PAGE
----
Monkeypox downgraded by World Health Organisation as UKHSA say focus remains on ‘elimination’

The UK Health Security Agency have announced that the aim is to eliminate the monkeypox virus

The UKHSA has said that their focus remains on “eliminating” monkeypox. This comes following the announcement from the World Health Organisation (WHO) declaring the end of the disease as a public health emergency of international concern.

There have been over 3,000 cases of Monkeypox, also known as mpox, in the UK. Government data showed that this figure was 3,738 as of the end of February 2023. 

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Dr Katy Sinka, head of sexually transmitted infections at UKHSA, said: “Last year UKHSA was the first in the world to detect the 2022 mpox outbreak and we welcome this news from the World Health Organisation that the incident has now been stepped down as a public health emergency of international concern, but we must not be complacent and our focus remains on elimination.

“Elimination is more likely to be achieved if those who remain eligible continue to come forward for vaccination. If you’re eligible and still need to take it up, please come forward ahead of the summer months to ensure you have maximum protection. First doses of the vaccine will end on 16 June and both doses will cease at the end of July.”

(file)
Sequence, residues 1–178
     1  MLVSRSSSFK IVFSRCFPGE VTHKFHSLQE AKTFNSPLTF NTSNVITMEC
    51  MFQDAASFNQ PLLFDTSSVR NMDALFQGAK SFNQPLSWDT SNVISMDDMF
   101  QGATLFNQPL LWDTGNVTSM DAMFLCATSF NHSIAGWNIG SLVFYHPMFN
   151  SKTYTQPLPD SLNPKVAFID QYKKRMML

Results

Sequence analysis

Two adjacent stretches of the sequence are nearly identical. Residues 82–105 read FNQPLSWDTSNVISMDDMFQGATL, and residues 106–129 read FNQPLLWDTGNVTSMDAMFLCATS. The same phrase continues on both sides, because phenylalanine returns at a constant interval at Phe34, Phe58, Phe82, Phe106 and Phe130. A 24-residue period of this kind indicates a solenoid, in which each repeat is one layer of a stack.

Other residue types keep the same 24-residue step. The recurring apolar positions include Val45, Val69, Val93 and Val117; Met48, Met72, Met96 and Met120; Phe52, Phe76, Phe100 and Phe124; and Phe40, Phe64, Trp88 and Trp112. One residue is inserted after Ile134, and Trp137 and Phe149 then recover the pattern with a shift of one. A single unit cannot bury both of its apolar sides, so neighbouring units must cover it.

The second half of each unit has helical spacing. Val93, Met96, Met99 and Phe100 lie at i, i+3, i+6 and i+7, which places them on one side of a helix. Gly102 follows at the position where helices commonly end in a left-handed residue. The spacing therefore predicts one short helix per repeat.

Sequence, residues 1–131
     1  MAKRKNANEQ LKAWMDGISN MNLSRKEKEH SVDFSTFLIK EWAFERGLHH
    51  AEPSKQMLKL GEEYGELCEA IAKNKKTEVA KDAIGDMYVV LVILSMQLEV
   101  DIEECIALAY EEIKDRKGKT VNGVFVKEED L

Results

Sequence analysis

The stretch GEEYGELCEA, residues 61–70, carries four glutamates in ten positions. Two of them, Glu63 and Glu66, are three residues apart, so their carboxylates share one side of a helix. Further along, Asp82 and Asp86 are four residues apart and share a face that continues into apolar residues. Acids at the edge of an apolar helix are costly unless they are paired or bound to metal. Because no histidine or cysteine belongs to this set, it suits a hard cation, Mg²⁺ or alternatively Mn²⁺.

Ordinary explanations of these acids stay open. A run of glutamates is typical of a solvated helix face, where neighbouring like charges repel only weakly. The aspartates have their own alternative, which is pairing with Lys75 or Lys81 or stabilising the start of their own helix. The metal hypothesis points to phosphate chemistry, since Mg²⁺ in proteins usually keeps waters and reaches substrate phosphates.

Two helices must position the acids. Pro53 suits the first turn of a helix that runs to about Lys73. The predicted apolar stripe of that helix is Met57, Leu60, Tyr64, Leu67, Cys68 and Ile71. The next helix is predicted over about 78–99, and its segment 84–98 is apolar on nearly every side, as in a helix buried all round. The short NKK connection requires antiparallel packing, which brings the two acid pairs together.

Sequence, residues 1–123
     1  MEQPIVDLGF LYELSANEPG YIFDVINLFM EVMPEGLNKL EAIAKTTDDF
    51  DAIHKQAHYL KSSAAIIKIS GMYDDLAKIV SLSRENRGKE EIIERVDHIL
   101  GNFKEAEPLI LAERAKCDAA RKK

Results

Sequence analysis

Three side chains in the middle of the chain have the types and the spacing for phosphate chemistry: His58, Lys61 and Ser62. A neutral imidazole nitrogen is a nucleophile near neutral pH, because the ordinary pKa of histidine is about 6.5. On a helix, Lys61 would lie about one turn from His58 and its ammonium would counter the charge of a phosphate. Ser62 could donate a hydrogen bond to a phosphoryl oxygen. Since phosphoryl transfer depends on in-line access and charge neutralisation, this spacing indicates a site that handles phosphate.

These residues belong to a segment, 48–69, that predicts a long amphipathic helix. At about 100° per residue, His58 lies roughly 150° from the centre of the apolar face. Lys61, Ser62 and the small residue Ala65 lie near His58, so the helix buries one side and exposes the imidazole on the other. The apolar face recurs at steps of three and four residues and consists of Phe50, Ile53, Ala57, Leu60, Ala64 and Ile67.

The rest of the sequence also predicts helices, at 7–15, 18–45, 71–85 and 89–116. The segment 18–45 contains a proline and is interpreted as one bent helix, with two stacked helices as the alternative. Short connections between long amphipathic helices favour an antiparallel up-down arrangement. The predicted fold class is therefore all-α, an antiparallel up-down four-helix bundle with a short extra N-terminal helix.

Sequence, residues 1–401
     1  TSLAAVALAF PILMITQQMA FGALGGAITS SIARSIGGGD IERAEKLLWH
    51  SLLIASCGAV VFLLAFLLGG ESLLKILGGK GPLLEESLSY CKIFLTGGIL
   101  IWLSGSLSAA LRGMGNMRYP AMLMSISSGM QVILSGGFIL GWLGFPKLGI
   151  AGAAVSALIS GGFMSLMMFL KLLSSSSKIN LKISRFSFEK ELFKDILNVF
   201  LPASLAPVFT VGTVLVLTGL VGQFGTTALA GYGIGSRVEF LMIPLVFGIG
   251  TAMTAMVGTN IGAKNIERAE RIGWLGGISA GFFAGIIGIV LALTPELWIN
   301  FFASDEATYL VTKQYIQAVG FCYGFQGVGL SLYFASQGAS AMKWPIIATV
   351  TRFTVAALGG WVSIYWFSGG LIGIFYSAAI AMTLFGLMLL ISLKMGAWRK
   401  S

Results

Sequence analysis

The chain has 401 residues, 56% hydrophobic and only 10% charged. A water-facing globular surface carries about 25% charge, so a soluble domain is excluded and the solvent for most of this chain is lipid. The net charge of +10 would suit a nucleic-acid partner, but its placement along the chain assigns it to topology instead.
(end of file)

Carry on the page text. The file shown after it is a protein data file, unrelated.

What is Mpox? 

Mpox (previously known as monkeypox) is a rare infection most commonly found in west or central Africa. There has recently been an increase in cases in the UK, but the risk of catching it is low.

According to the NHS, Mpox can be passed on from person to person through:

  • any close physical contact with mpox blisters or scabs (including during sexual contact, kissing, cuddling or holding hands)

  • touching clothing, bedding or towels used by someone with mpox

  • the coughs or sneezes of a person with mpox when they're close to you

Monkeypox fatalities have been lower than fearedMonkeypox fatalities have been lower than feared
Monkeypox fatalities have been lower than feared

In parts of west and central Africa, mpox can also be caught from infected rodents (such as rats, mice and squirrels) if:

  • you're bitten

  • you touch their fur, skin, blood, body fluids, spots, blisters or scabs

  • you eat their meat and it has not been cooked thoroughly



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